MATH-UA.120: Discrete Mathematics Fall 2011

This is a past class.

Class Time/Location

Tuesday, Thursday 11:00am-12:50pm, 7 East 12th Street, Room 123

Instructor

Andreas Kloeckner

Email

kloeckner@cims.nyu.edu

Office

Courant Institute, Warren Weaver Hall, Room 1105A

Office Hours

Monday, Wednesday 4pm-5pm

Class Webpage

http://wiki.tiker.net/Teaching/DiscreteMathFall2011

Email Listserv

http://lists.tiker.net/listinfo/discretefall11, discretefall11@tiker.net, archive

Topics and goals

Our major goal will be to familiarize ourselves with some of the important tools of discrete mathematics.

Text

Discrete Mathematics: Mathematical Reasoning and Proof with Puzzles, Patterns, and Games, by Douglas E. Ensley and J. Winston Crawley. Wiley, ISBN 0-471-47602-1

The book has a rather helpful companion web site which we will be using on occasion.

Assessment

Homework
will be assigned weekly (generally assigned and collected on Thursdays). In fairness to the other students in the course, late homework will generally not be accepted. We will, however, drop the lowest homework score in the computation of final grades. Please talk to the instructor in cases of emergency.
Quizzes
There will be three quizzes, as indicated on the calendar below. They are tentatively scheduled as indicated in the syllabus below. Quizzes will start at the beginning of class and run for about 15-20 minutes. We will also drop the lowest quiz.
Midterms
There will be two midterm examinations, as indicated on the calendar below.
Final
The time for the cumulative final examination will be announced as the end of the semester draws near. We will not be able to accommodate early finals for nonacademic, nonemergency reasons. Please plan your travel schedule accordingly.

Grades will be computed by a weighted average:

Homework

Quizzes

Midterm I

Midterm II

Final

10%

10%

20%

25%

35%

Final scores will be converted to letter grades beginning with the following scale:

93

90

87

83

80

75

65

50

A

A-

B+

B

B-

C+

C

D

As for a curve, these cutoffs might be adjusted, but only in the downward direction (to make letter grades higher).

On the homework, each problem will be worth three points, assigned as follows:

Points

Description of Work

3

Work is completely accurate and essentially perfect. Work is thoroughly developed, neat, and easy to read. Complete sentences are used.

2

Work is good, but incompletely developed, hard to read, unexplained, or jumbled. Answers which are not explained, even if correct, will generally receive 2 points. Work contains the 'right idea' but is flawed.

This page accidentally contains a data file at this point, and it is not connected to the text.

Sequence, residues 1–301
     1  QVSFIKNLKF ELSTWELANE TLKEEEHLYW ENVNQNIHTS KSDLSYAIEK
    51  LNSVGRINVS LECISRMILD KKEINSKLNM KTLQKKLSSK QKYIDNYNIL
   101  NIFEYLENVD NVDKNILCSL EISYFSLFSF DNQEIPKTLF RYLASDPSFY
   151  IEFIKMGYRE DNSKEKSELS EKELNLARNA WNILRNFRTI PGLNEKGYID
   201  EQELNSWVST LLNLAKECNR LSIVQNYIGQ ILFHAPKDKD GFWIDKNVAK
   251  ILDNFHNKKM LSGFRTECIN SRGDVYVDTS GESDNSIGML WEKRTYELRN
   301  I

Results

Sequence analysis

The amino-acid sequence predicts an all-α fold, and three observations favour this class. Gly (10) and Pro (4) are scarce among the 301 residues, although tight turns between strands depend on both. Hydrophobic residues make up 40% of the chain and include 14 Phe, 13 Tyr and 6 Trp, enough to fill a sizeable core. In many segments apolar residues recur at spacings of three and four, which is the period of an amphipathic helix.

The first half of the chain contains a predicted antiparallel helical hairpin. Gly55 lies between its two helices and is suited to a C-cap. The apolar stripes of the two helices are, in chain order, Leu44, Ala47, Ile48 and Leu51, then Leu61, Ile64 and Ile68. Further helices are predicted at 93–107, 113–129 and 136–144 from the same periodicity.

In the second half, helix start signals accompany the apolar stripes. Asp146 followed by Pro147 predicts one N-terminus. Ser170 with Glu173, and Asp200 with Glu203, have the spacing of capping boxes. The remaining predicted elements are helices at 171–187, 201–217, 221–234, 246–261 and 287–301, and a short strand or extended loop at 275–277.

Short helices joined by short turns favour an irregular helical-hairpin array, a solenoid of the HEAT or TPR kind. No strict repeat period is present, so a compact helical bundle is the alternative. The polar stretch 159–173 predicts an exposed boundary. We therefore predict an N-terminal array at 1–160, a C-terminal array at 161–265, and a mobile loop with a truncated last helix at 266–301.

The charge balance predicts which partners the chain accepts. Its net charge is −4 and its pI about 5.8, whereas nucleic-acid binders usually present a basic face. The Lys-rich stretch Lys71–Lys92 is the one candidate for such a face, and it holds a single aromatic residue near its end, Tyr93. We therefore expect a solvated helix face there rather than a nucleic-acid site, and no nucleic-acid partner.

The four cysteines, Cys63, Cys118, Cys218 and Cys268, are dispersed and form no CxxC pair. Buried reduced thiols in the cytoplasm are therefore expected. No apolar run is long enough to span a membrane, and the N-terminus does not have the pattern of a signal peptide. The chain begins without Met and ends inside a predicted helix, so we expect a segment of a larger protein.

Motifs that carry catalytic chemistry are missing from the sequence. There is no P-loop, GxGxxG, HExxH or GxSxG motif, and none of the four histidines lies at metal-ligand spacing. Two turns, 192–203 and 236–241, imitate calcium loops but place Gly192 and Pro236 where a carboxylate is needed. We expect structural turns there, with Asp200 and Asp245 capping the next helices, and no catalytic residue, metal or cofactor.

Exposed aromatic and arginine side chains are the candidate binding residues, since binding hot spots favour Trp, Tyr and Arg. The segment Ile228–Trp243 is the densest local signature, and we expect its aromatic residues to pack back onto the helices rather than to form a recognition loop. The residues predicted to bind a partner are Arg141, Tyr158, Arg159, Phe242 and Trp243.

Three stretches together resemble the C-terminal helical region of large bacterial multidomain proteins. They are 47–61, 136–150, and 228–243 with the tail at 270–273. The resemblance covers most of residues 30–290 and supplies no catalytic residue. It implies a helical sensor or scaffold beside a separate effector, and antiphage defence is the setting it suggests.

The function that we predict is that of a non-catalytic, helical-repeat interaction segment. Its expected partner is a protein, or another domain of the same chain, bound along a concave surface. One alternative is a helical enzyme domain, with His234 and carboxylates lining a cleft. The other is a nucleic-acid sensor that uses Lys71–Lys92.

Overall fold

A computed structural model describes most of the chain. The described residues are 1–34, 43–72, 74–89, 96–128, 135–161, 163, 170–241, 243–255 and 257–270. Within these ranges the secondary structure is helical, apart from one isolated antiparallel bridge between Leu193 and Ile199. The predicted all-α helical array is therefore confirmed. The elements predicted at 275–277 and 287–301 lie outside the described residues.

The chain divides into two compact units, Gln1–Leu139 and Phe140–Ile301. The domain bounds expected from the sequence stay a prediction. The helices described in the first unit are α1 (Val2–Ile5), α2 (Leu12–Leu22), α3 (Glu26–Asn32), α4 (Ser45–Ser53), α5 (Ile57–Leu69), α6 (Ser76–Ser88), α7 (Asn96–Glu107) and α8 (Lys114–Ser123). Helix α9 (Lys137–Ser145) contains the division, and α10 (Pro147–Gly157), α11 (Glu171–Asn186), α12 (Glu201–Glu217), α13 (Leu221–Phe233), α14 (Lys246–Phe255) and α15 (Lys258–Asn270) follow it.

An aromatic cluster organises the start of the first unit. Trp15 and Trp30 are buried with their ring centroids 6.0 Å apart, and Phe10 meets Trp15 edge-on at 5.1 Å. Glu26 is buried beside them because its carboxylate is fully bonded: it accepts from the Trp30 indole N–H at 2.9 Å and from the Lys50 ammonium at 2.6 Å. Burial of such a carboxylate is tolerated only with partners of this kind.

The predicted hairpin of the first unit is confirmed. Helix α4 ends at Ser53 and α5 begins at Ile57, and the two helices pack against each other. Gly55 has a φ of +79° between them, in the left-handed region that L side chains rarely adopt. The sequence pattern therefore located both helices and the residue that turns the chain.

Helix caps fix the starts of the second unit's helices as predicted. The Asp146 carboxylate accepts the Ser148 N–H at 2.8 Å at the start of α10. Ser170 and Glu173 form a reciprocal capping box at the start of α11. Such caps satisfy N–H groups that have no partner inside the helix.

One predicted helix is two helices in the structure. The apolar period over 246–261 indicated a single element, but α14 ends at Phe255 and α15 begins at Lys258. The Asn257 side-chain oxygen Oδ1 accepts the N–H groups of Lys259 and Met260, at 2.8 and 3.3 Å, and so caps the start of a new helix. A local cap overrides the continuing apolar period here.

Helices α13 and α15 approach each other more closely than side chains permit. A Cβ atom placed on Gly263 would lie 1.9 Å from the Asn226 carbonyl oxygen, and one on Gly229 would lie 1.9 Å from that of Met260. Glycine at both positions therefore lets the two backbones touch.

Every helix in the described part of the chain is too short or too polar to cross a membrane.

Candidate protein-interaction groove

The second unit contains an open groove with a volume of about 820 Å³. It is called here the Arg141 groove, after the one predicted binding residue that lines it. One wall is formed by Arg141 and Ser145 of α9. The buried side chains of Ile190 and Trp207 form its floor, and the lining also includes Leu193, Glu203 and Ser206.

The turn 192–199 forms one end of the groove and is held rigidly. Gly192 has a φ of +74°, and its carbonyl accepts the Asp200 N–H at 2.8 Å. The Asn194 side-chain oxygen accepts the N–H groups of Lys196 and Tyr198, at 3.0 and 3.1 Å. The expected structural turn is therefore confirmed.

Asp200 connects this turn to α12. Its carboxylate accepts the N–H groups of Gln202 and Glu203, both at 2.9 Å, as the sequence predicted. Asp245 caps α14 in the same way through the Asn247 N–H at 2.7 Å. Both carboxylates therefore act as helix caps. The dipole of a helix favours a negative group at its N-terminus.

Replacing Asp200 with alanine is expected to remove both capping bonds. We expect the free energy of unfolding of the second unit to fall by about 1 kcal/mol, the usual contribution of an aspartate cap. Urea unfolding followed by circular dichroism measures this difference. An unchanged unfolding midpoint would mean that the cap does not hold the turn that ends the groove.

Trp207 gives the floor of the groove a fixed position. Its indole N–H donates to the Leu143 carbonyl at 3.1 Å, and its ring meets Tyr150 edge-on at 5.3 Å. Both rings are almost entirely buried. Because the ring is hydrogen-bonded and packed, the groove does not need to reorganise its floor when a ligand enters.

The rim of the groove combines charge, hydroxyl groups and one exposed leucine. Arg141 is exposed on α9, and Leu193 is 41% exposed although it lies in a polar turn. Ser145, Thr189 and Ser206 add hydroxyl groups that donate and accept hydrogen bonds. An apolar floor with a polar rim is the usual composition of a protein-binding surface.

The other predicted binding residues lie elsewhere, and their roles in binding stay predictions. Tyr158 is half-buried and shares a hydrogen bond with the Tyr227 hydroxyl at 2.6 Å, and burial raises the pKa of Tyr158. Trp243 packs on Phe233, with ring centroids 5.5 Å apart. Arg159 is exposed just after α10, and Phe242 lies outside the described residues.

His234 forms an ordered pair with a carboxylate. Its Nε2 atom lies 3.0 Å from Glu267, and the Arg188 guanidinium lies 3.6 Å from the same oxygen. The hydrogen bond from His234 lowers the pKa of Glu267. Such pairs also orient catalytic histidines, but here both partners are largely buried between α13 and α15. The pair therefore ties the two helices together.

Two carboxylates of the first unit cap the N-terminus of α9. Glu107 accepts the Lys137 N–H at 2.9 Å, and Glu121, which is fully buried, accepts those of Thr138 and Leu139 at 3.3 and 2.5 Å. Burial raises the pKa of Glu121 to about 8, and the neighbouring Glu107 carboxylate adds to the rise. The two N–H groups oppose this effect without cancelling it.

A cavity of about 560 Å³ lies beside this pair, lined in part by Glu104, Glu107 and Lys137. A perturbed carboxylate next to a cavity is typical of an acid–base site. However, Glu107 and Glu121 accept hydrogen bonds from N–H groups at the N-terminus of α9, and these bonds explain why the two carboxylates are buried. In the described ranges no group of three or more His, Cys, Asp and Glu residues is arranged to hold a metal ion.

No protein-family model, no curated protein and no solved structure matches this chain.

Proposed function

1

Work is sketchy. There is some correct work, but most of the work is incorrect.

0

Work minimal or non-existent. Solution is completely incorrect.

For the purposes of assembling the final grade, the grade on each homework set is converted to a percentage of all achievable points, on a scale from 0 to 100.

Material about Tests

Homework

/HomeworkSolutions

Tentative Calendar

Week

Day

Book Section

Topic/Notes

1

9/6

1.1

First Examples

9/8

1.2

Number Puzzles and Sequences

2

9/13

1.3

Truth-tellers, Liars, and Propositional Logic

9/15

1.4

Predicates

3

9/20

1.5

Quiz; Implications

9/22

2.1

Mathematical Writing

4

9/27

2.2

Proofs about Numbers

9/29

2.3

Mathematical Induction

5

10/4

2.5

Contradiction and the Pigeonhole Principle (taught by Matthew Elsey)

10/6

3.1, 3.2

Set Definitions and Operations (taught by Matthew Elsey)

6

10/11

Fall Break (no class)

10/13

Review

7

10/18

Midterm 1 on 1.1-2.5

10/20

3.3

Proving Set Properties

8

10/25

3.4

Boolean Algebra

10/27

4.1

Definitions of Functions, Diagrams

9

11/1

4.2

Quiz; Relations, Inverses, Composition

11/3

4.2

Relations, Inverses, Composition cont'd

10

11/8

4.3

Properties of Functions and Set Cardinality

11/10

4.4, 4.5

Properties of Relations, Equivalence Relations

11

11/15

Review

11/17

Midterm 2 on 2-4.5

12

11/22

5.1, 5.2

Intro to Combinatorics, Basic Rules for Counting

11/24

Thanksgiving Break (no class)

13

11/29

5.3, 5.4

Cominatorics and the Binomial Theorem, Binary Sequences

12/1

5.5

Recursive Counting

14

12/6

6.1, 6.2

Intro to Probability, Sum and Product Rules

12/8

6.3

Quiz; Probability in Games of Chance

15

12/13

7.1, 7.2

Graph Theory, Proofs about Graphs and Trees

12/15

Review

16

12/20

Final Exam 10am-11:50am /!\

(see also the academic calendar)

Teaching/DiscreteMathFall2011 (last edited 2012-02-14 21:19:13 by AndreasKloeckner)